The field of neuroscience studies the brain and nervous system. While this might seem like an esoteric field, neuroscience actually has much to contribute to our understanding of storytelling. By employing MRIs, scientists have been able to discover what parts of the brain engage, or “light up,” in response to different stimuli. The results are quite astounding. If, for example, you experience a presentation (or homily) that essentially communicates information, only two parts of the brain ordinarily are engaged: the Wernicke area for language comprehension and the Broca area for language processing. When relating a vivid and compelling story, however, as many as five other regions of the brain can light up if specific sense perceptions are referenced — for example, the motor cortex if the story relates movement; the sensory cortex and cerebellum if it is about touch; the olfactory cortex if the narrative includes smells or scents; the auditory context if there are important sounds in the story; and the visual cortex if it effectively describes shapes and colors.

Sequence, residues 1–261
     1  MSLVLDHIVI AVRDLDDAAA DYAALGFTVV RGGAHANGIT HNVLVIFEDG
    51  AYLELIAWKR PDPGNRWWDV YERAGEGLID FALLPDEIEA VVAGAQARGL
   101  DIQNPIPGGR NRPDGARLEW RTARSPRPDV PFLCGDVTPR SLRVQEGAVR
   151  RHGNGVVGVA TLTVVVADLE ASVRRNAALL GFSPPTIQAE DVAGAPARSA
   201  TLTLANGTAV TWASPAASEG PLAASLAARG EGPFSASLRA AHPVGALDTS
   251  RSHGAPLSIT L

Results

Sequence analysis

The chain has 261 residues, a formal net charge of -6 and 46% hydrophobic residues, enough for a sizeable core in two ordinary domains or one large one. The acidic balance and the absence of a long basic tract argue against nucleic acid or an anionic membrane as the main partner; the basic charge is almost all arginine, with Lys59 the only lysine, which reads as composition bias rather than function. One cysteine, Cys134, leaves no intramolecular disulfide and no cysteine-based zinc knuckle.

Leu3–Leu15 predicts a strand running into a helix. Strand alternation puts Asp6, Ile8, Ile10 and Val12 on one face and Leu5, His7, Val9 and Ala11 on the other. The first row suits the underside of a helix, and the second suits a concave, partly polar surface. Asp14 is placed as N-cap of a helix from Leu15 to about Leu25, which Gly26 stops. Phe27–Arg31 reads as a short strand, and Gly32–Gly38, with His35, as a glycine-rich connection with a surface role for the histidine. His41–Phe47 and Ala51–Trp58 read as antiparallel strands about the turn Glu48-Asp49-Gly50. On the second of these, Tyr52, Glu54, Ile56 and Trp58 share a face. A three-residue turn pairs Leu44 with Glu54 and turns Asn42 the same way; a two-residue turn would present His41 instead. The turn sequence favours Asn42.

Paul Zak of Claremont Graduate University pushes the neuroscience even further. In the past decade his lab discovered that a chemical in the brain called oxytocin is key to signaling that another person or situation is “safe.” He writes that “it motivates cooperation with others ... by enhancing the sense of empathy, our ability to experience others’ emotions.” He further reports that compelling human stories consistently prod the brain to produce oxytocin, effectively engage listeners and motivate them to respond empathetically.